Dry vs. Sweet and Some Tasting Notes

26Jan09

Here are some pics and quick notes from the tasting I referred to in my last post. The theme was lesser-known French wines in the $20 vicinity.  Tasting notes for the sake of tasting notes aren’t that helpful, but I’m also including some advice that I gave the participants in a follow-up email.  The second point below is particularly important. I’ve found that no word is as confusing to casual wine drinkers as “dry.” Some aren’t aware that it has a specific meaning (i.e., not sweet — according to the EU, no more than 4 grams of sugar per liter), while others have a tough time distinguishing sweetness from flavor profile. So while a wine may smell like something sweet — passion fruit or chocolate, for example —  the wine itself may not be. It seems incredibly counterintuitive, and it’s no wonder people find it confusing. If you’re one of them, try the little Sauvignon Blanc/German Riesling experiment described below. (Plus I’m all for boosting the consumption of good sweet German Rieslings. Highly recommended for Saturday afternoons watching a ballgame in lieu of lemonade or beer.)

1. Quincy, Adele Rouze, 2007, $19.99. Fresh, dry, crisp, with grassy, citrus and mineral notes.
 
2. Cour-Cheverny, Philippe Tessier 2005, $19.99. The very obscure varietal is Romorantin. Full-bodied, high in alcohol, slight spritziness — notes of apple, caramel, molasses, and a slightly bitter finish.
 
3. Cahors “Le Combal” Domaine Cosse Maisonneuve 2004, $18.99.  High tannin, moderately high acidity, medium body, earth, mushroom, truffle, sausage, game.
 
4. Vin de Pays Cotes Catalanes Calvet-Thunevin, “Cuvee Constance” $17.99. Full bodied, high alcohol, moderate tannins and acidity. Prunes, cooked berries, cherry cough syrup.
 
–Pick up a Quincy or a Sancerre and taste side by side with a New Zealand Sauvignon Blanc. Similarly, try a Cahors and an Argentine Malbec side by side. Wine people like to talk a lot about “Old World” (aka Europe) style wine vs. “New World” (everywhere else) and these tastings should cement pretty firmly in your mind what that contrast is all about. Try without food first and then with and see what happens. If you choose pretty typical styles for the Cahors and Argentine Malbec, which wine you like better probably indicates how you feel about tannins — the Cahors is going to be pretty tannic, the Argentine wine much less so.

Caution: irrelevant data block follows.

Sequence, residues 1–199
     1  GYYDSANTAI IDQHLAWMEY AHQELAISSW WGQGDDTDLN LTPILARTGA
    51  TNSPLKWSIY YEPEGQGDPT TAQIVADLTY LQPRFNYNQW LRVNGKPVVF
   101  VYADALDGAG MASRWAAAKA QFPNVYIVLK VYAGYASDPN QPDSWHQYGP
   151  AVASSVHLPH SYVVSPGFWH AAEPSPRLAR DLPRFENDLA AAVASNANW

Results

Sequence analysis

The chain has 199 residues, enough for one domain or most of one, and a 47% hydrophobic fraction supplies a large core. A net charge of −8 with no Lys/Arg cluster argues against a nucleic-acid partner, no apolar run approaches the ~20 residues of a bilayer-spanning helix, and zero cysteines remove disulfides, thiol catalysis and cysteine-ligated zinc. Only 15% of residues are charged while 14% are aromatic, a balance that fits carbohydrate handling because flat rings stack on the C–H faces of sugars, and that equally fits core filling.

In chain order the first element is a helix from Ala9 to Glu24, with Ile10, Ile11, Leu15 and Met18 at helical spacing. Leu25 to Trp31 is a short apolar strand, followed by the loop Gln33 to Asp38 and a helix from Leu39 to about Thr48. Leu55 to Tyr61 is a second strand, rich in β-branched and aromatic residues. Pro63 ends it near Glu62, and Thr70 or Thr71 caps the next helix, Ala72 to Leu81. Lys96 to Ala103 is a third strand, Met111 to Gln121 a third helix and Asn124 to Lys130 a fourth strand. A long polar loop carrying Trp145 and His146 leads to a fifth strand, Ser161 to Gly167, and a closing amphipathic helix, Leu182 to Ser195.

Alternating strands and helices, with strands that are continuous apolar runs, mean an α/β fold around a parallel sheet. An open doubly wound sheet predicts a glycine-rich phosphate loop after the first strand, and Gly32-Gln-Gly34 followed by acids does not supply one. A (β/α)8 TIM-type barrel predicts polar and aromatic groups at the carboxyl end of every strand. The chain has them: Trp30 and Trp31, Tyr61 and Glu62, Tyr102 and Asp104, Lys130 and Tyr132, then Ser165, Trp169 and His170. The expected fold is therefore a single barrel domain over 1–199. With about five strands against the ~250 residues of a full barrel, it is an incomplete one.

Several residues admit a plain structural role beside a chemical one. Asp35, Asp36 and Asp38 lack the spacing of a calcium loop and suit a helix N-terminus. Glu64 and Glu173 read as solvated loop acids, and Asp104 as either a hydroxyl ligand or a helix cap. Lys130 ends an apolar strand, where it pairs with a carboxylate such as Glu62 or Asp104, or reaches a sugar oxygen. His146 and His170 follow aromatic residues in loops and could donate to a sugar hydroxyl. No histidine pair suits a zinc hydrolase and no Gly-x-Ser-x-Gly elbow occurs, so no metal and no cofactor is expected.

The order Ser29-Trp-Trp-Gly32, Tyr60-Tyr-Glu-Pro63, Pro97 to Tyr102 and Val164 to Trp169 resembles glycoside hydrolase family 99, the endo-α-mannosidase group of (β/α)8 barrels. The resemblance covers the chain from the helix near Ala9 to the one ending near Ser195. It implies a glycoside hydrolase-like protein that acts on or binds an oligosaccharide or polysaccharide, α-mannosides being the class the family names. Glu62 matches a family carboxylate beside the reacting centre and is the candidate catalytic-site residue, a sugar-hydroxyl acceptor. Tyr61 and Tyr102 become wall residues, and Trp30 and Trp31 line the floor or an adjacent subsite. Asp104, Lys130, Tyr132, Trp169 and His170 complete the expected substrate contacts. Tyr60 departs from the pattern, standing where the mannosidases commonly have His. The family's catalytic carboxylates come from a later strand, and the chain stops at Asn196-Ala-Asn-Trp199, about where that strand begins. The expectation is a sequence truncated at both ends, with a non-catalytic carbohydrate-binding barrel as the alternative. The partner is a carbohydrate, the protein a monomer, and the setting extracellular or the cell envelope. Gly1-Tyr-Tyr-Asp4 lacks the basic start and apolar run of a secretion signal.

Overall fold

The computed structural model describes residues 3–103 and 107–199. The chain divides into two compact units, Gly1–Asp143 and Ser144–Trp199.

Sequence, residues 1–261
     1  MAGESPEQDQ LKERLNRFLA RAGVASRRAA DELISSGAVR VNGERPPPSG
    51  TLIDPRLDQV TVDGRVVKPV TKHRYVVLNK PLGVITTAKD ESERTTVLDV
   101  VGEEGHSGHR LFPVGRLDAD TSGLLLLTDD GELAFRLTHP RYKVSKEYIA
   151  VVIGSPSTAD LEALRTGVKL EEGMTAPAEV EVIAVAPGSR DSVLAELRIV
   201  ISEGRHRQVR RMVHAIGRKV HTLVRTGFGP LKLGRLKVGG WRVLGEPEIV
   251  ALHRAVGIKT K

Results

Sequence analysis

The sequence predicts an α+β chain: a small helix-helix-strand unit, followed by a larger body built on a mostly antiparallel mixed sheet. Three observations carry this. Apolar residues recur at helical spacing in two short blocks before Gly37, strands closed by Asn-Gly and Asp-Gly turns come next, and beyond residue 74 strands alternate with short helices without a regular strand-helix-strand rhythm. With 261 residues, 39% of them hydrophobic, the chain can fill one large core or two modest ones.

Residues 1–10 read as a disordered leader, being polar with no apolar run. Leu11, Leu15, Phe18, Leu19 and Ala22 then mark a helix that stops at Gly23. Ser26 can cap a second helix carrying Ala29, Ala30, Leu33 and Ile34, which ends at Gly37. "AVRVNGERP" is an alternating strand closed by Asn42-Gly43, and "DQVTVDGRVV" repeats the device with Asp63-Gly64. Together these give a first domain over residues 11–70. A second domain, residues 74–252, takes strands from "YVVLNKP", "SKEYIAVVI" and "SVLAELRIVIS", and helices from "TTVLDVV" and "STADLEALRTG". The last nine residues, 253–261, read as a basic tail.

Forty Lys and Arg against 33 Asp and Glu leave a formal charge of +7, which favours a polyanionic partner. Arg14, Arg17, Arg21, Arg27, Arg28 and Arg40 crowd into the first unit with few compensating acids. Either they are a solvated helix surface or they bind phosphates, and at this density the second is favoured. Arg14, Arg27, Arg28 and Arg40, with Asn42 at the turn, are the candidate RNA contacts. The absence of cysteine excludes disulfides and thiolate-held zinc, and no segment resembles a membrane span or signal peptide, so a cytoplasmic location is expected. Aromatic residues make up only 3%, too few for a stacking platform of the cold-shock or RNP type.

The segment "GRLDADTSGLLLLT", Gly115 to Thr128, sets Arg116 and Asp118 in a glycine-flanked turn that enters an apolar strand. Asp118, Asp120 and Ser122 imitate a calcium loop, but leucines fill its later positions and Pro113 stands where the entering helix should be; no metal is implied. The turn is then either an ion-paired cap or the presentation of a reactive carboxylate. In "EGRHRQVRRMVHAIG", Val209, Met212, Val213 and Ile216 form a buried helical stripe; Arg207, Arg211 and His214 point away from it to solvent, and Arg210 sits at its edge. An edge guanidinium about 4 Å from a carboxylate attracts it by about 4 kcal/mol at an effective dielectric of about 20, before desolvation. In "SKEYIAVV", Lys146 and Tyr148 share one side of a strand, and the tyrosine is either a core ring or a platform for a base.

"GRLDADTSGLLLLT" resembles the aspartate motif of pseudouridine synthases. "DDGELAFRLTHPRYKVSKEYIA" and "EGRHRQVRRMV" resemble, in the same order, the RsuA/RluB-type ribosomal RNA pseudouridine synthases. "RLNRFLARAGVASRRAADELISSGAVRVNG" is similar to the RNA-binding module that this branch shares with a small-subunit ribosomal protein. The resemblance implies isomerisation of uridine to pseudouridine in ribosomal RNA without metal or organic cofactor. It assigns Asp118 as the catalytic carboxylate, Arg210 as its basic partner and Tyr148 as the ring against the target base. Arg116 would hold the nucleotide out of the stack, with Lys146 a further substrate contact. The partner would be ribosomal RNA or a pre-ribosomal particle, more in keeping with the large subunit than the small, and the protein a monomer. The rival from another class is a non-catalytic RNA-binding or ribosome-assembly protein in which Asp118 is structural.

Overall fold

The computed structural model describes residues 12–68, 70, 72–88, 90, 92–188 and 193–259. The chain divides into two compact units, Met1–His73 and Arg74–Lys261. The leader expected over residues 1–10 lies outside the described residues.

–As we discussed, sweet/dry isn’t as intuitive as one might think. When you do your Sancerre/NZ tasting, also pick up a German Riesling with some residual sugar (ask the person at your wine store for help). The NZ wine will probably be dry on your palate but smell like sweet fruit (pineapple, passion fruit, etc.) The German wine may or may not smell like as many sweet things (it might be more lemony/citrusy) but it will taste sweet on your palate. Making the distinction between “fruity” (smells/tastes like ripe fruit) and “sweet” (the wine has a certain level of sugar in it that you can taste) is huge, and will help you find white wines that suit your taste. A lot of people say they like dry whites when what they mean is, they don’t want a wine that’s too fruity.

 

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